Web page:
Difference Between Nuclear Fusion and Fission

Nuclear Fusion vs Fission
 

In physics, it is taught that an action always has an equal but opposite reaction. That is the ultimate philosophy in physics and thereby all events and actions always have a corresponding opposite reaction. This is the main core of nuclear fusion and nuclear fission. These are two different types of reactions which releases certain amounts of energy. In simple chemistry, one creates smaller atoms while the other one combines atoms to form a larger one.

What is Nuclear Fusion?

Nuclear fusion by definition means the fusing of two or more atoms to create a larger one. This type of reaction allows the atoms to combine in order to create a larger atom with a higher atomic number. One way of making a nuclear fusion to occur is by allowing two or more nuclei to be near each other to form a reaction which causes the atoms to stick together and combine to form as one. Nuclear fusion is said to occur in nature naturally. A good example would be the stars in the galaxy. It is said that millions of stars have fused to become one giant massive heat we now refer to as the sun.

What is Nuclear Fission?

Nuclear fission is the opposite of nuclear fusion. Nuclear fission is the division of a large atom into two or more smaller pieces. In order to create fission, two conditions should be met: a very slow neutron is necessary for the process of division to occur and a minimal amount of a particular substance for fission to occur. This amount is called critical mass, which is dependent on the neutron itself. A nuclear fission does not occur in nature the way fusion does.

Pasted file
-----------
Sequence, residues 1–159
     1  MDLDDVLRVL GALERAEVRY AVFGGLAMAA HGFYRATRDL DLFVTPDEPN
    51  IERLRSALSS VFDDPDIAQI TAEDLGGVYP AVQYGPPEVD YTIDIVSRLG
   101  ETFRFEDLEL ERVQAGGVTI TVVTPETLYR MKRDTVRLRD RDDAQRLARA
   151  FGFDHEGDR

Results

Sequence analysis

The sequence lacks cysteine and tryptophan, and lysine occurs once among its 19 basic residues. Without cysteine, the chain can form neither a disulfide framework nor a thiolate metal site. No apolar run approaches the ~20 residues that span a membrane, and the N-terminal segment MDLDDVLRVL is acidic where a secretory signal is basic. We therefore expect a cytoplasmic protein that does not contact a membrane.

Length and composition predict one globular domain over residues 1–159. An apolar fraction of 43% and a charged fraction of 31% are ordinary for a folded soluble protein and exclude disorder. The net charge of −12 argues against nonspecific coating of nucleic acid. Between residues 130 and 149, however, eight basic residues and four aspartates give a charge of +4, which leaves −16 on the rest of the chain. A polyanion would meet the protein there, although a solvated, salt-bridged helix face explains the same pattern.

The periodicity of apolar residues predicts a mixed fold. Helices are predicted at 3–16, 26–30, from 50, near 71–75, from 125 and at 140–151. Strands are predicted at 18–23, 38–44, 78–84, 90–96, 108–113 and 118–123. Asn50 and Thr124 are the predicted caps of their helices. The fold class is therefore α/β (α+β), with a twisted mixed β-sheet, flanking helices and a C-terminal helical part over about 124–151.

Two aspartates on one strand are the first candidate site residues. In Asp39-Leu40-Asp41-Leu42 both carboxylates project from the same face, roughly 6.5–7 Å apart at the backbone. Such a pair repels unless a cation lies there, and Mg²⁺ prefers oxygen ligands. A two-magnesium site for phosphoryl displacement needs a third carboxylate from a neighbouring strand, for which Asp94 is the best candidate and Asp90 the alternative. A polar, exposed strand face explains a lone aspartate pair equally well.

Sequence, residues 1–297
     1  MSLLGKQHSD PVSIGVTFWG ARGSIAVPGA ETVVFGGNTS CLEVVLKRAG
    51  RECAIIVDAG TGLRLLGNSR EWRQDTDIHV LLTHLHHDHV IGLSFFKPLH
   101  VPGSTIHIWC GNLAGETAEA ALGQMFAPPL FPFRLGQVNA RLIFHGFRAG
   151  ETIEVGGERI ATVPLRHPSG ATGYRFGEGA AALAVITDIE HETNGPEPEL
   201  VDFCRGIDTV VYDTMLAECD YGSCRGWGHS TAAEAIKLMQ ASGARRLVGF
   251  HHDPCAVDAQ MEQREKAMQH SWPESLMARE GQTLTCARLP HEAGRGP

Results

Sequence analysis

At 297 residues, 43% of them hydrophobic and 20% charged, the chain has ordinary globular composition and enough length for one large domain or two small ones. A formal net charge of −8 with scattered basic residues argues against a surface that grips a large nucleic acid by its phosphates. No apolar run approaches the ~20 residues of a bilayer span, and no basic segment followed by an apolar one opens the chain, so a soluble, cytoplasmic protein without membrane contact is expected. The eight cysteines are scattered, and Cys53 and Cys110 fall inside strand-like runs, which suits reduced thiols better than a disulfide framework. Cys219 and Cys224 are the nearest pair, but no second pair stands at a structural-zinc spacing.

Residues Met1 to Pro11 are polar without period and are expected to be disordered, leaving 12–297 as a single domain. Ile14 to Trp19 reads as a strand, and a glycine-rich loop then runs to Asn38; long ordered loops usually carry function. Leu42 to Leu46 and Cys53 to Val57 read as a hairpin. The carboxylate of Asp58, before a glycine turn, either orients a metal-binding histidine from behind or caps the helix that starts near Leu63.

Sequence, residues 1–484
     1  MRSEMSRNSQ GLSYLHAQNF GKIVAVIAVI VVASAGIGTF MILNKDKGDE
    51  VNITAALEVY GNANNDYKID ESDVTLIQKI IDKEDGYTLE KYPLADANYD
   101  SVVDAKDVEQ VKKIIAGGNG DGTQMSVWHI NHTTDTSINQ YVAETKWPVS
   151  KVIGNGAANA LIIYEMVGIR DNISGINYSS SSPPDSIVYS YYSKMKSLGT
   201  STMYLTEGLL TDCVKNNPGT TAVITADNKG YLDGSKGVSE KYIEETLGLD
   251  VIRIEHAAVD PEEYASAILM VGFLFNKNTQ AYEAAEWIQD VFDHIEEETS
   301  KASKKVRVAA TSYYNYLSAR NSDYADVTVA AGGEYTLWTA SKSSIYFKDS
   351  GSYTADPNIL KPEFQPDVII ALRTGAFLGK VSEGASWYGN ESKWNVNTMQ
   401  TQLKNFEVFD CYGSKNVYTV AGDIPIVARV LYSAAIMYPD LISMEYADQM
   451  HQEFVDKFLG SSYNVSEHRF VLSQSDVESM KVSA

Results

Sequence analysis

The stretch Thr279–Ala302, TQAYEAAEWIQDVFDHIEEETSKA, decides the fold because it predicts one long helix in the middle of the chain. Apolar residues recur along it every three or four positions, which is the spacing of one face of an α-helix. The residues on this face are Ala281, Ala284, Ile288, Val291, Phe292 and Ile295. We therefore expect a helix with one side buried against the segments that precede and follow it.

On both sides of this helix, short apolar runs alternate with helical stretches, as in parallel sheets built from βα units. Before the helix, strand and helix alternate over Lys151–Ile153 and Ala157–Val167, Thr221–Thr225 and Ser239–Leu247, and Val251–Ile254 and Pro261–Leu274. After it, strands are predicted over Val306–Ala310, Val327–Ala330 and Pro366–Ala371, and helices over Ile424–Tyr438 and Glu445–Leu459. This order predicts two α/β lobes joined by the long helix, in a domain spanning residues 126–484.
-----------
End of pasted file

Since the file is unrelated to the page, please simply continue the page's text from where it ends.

What is the difference between Nuclear Fission and Fusion?

Both nuclear fusion and fission releases very large and substantial amounts of energy and both share the same energy source, which is the atom itself. The difference between them allows us to understand the process better and will also help us understand the concept of both nuclear fusion and nuclear fission.

  • Nuclear fusion takes two atoms and combines them into one whereas nuclear fission takes one atom and splits it into two.
  • Unless a fission “trigger” is present, nuclear fusion produces radioactive particles, whereas nuclear fission always creates radioactive substances as its by-products that remain active for hundreds of years.
  • Nuclear fusions occur in nature. Nuclear fissions do not naturally occur. 

In Brief:

1. Nuclear fission and fusion both releases large amounts of energy.

2. Both produce energy from the same energy source: atom.

3. Nuclear fusion occurs in nature; the sun is the most basic example while fission, on the other hand, does not occur naturally.

4. Nuclear fusion is the combination of 2 or more atoms to create 1 large atom. Nuclear fission is the division of a larger atom into 2 or smaller atomic particles.

5. In nuclear fusion, two or more nuclei should be near each other in order to create energy for both to stick together. Nuclear fission, on the other hand, needs to have a critical mass and a very slow neutron for the splitting to occur